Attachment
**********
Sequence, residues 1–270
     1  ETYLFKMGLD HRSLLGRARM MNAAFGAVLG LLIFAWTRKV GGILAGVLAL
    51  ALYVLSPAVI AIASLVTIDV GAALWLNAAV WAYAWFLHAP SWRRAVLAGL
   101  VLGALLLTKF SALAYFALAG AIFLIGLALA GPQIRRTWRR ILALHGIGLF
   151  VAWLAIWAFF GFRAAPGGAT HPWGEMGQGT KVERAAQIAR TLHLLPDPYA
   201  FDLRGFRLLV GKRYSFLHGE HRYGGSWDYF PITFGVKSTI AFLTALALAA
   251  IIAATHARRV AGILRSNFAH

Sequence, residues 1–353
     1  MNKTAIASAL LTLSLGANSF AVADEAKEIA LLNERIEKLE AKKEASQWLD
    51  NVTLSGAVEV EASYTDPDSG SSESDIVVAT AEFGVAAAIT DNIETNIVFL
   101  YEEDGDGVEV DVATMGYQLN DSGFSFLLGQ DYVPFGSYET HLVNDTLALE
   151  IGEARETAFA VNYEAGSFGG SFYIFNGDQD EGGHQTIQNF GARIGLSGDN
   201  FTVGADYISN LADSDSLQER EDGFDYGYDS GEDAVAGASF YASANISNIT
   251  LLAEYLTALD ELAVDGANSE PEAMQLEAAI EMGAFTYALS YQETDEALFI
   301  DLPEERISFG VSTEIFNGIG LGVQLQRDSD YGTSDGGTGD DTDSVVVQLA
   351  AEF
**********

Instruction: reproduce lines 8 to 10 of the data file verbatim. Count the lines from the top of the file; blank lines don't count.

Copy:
Sequence, residues 1–353
     1  MNKTAIASAL LTLSLGANSF AVADEAKEIA LLNERIEKLE AKKEASQWLD
    51  NVTLSGAVEV EASYTDPDSG SSESDIVVAT AEFGVAAAIT DNIETNIVFL